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I am going through the paper by Longstaff and Schwartz (2001) on American-options pricing, and something got me confused.

There, in equation $(1)$ the continuation value at time $t_k$, $F(\omega; t_k)$, is defined as follows $$F(\omega; t_k) = E_Q\left[ \sum_{j = k+1}^{K} \exp \left( - \int_{t_k}^{t_j} r(\omega, s ) \, ds \right) C(\omega, t_j ; t_k, T) \; \Bigg\vert \; \mathcal{F}_k \right].$$

However, I think that it should instead be rewritten as $$F(\omega; t_k) = \sum_{j = k+1}^{K} D(t_k, t_j) \cdot E_Q\left[ C(\omega, t_j ; t_k, T) \; \Bigg\vert \; \mathcal{F}_k \right],$$ where $D(t_k, t_j) $ are the different discount factors at $t_k$, which are $\mathcal{F}_k$-measurable. My idea is nothing different to the martingale condition under the risk-free probability measure $Q$.

So my question is, is there something that I am missing here?

I appreciate every comment or discussion on the subject.

Edit

What I really mean is, isn't the price of a derivative at time $t$, chosen a numerary $\mathcal{N}$, given by

$$\dfrac{V(t,T)}{\mathcal{N}(t,T)} = E_{Q} \Bigg[ \dfrac{V(T,T)}{\mathcal{N}(T,T)} \Bigg\vert \mathcal{F}_t \Bigg]$$

where if $\mathcal{N}$ is chosen to be a zero coupon bond, then $\mathcal{N}(t,T) = D(t,T)$ and $\mathcal{N}(T,T) = 1$.


Longstaff, Schwartz - Valuing American Options by Simulation: A Simple Least-Squares Approach (2001)

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    $\begingroup$ I believe your rewrite does in general require a change of measure from the risk neutral measure to the t_j forward measure(s), which is not indicated in your formula. As mentioned already by Sebastian this is not necessary/has no effect if rates are deterministic. $\endgroup$ Commented Nov 17, 2021 at 14:27
  • $\begingroup$ Thanks for your comment @Robert, could you give me a hint on how to do so? Could you also check the edit on the question to see what I am missing here. Thanks! $\endgroup$
    – KT8
    Commented Nov 17, 2021 at 14:34
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    $\begingroup$ Your last formula will become valid when you change it to $$\dfrac{V(t,T)}{\mathcal{N}(t,T)} = E_{Q_{T}} \Bigg[ \dfrac{V(T,T)}{\mathcal{N}(T,T)} \Bigg\vert \mathcal{F}_t \Bigg]$$ where -as @Robert wrote- $Q_T$ is the $T$-forward measure. $\endgroup$
    – Kurt G.
    Commented Nov 17, 2021 at 15:03
  • $\begingroup$ Thanks @KurtG. do you know any references (books, articles, whatever) where I can find a good discussion on this? $\endgroup$
    – KT8
    Commented Nov 17, 2021 at 16:04
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    $\begingroup$ @castella08 : the book I have (it is surely not the only one) is Musiela & Rutkowski, Martingale Methods in Financial Modelling. The question how $Q_T$ is defined given $Q$ is not a big mystery: start from $V(t,T)=E_Q[\exp(-\int_t^T r_s\,ds)V(T,T)|{\cal F}_t]$ and set $dQ_T/dQ=\exp(-\int_0^T r_s\,ds)/{\cal N}(0,T)$ - the most obvious Radon-Nikodym density that comes to mind doing that job. $\endgroup$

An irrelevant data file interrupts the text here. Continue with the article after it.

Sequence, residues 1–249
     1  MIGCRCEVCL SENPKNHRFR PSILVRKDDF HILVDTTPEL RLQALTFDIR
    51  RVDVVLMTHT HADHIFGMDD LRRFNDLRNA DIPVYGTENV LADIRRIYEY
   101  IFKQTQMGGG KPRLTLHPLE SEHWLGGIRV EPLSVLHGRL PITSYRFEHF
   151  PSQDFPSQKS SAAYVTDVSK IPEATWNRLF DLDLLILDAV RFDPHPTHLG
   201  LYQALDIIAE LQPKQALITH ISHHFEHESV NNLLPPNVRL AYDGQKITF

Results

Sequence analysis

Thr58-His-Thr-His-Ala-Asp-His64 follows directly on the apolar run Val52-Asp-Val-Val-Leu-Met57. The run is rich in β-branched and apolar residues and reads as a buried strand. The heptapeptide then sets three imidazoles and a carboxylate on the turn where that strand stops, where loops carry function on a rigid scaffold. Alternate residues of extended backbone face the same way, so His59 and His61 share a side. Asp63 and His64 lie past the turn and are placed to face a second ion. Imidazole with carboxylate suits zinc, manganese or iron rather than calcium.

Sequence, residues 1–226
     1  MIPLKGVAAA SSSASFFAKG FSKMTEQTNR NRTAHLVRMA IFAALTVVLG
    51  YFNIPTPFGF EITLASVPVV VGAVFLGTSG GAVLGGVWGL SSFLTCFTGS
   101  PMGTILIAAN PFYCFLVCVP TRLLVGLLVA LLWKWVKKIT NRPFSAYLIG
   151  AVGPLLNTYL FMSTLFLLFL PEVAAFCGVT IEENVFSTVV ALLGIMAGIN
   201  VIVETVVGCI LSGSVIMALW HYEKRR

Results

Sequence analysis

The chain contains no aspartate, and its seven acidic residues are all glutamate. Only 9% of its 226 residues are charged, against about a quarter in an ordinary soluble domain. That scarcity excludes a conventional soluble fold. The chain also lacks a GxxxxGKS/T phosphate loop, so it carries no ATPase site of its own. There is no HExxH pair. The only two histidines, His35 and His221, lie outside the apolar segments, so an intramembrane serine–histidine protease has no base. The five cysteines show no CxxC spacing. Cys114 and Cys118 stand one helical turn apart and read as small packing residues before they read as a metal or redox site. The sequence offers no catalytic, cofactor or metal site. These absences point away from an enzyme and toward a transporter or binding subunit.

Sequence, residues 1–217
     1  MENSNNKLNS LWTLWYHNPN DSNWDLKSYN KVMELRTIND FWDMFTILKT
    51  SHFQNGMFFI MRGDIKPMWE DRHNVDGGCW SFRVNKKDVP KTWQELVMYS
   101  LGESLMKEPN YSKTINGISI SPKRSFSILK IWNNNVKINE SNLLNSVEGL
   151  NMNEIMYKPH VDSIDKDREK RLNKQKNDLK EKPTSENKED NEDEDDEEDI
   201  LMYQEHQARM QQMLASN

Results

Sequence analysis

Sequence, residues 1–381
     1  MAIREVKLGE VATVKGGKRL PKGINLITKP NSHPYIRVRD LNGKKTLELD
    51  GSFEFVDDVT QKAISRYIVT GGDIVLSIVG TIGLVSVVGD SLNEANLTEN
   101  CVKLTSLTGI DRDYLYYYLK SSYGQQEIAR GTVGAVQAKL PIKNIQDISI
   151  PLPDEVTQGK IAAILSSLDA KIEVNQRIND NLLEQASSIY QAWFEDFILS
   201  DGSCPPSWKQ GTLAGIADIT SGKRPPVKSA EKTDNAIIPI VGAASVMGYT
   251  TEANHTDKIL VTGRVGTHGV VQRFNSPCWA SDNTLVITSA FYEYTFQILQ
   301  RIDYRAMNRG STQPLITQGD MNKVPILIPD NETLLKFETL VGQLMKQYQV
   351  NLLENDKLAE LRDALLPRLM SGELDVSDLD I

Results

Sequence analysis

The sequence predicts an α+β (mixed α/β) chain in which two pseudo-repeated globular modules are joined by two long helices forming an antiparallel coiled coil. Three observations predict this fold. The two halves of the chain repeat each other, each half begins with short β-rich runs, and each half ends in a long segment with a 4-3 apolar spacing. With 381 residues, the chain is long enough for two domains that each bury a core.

– Kurt G.
    Commented Nov 17, 2021 at 17:54

2 Answers 2

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I haven't read the paper but I would say that the formula in the paper seems more general. It accounts for the possibility of stochastic interest rates. If we have deterministic discount factors, then your formula and the paper's formula agree.

Answer to your edit: We know for sure, in the paper they are using the money market account process as numerarie since they are also using the risk-neutral probability measure $Q$. The money market account process is worth 1 at the initial time. So the denominator on the LHS of your formula in your edit, is worth 1, which means that the formula in the paper is correct. The numerarie can not be a zero coupon bond if we are using the risk-neutral probability $Q$. If you chose a zero coupon bond as numerarie, then you need to change the probablity measure from the risk neutral $Q$ to an equivalent probability measure $Q'$ (note that the probability in the paper is $Q$ and not $Q'$).

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  • $\begingroup$ Thank you for your comment and the edit Sebastian! $\endgroup$
    – KT8
    Commented Nov 17, 2021 at 16:15
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By the general no arbitrage pricing theory the price at time $t_k$ of a payoff $C$ that is paid at time $t_j\ge t_k$ is $$ E_Q\left[\exp\left(-\int_{t_k}^{t_j}r(s)\,ds\right)C\,\Bigg|\,{\cal F}_{t_k}\right]\,. $$ For $t\in[t_k,t_j]$ you can use a property of iterated conditional expectations to write this as $$ E_Q\left[E_Q\left[\exp\left(-\int_{t_k}^{t_j}r(s)\,ds\right)C\,\Bigg|\,{\cal F}_{t}\right]\Bigg|\,{\cal F}_{t_k}\right]\,. $$ If $C$ were known at $t$ (an assumption that Longstaff-Schwartz do not make (correct me if I am wrong) you could pull $\exp(-\int_{t_k}^tr(s)\,ds)\,C$ out of the inner expectation and get a formula similar to yours: $$ E_Q\left[\exp\left(-\int_{t_k}^tr(s)\,ds\right)\,C\,\underbrace{E_Q\left[\exp\left(-\int_{t}^{t_j}r(s)\,ds\right)\,\Bigg|\,{\cal F}_{t}\right]}_{D(t,t_j)}\Bigg|\,{\cal F}_{t_k}\right]\,. $$

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